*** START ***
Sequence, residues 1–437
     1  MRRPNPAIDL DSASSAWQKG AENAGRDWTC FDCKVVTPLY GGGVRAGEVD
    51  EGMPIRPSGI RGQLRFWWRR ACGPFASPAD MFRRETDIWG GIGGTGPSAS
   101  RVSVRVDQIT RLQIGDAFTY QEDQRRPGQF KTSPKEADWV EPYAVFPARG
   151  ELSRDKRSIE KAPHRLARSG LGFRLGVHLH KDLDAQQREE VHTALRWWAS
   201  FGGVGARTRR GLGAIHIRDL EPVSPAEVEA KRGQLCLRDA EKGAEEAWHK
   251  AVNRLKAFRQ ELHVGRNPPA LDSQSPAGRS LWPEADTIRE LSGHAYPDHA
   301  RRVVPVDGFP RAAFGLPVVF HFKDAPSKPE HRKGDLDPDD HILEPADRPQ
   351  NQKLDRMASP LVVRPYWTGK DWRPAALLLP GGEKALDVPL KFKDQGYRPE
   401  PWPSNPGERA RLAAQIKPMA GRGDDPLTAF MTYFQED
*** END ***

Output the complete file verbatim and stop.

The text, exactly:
Sequence, residues 1–437
     1  MRRPNPAIDL DSASSAWQKG AENAGRDWTC FDCKVVTPLY GGGVRAGEVD
    51  EGMPIRPSGI RGQLRFWWRR ACGPFASPAD MFRRETDIWG GIGGTGPSAS
   101  RVSVRVDQIT RLQIGDAFTY QEDQRRPGQF KTSPKEADWV EPYAVFPARG
   151  ELSRDKRSIE KAPHRLARSG LGFRLGVHLH KDLDAQQREE VHTALRWWAS
   201  FGGVGARTRR GLGAIHIRDL EPVSPAEVEA KRGQLCLRDA EKGAEEAWHK
   251  AVNRLKAFRQ ELHVGRNPPA LDSQSPAGRS LWPEADTIRE LSGHAYPDHA
   301  RRVVPVDGFP RAAFGLPVVF HFKDAPSKPE HRKGDLDPDD HILEPADRPQ
   351  NQKLDRMASP LVVRPYWTGK DWRPAALLLP GGEKALDVPL KFKDQGYRPE
   401  PWPSNPGERA RLAAQIKPMA GRGDDPLTAF MTYFQED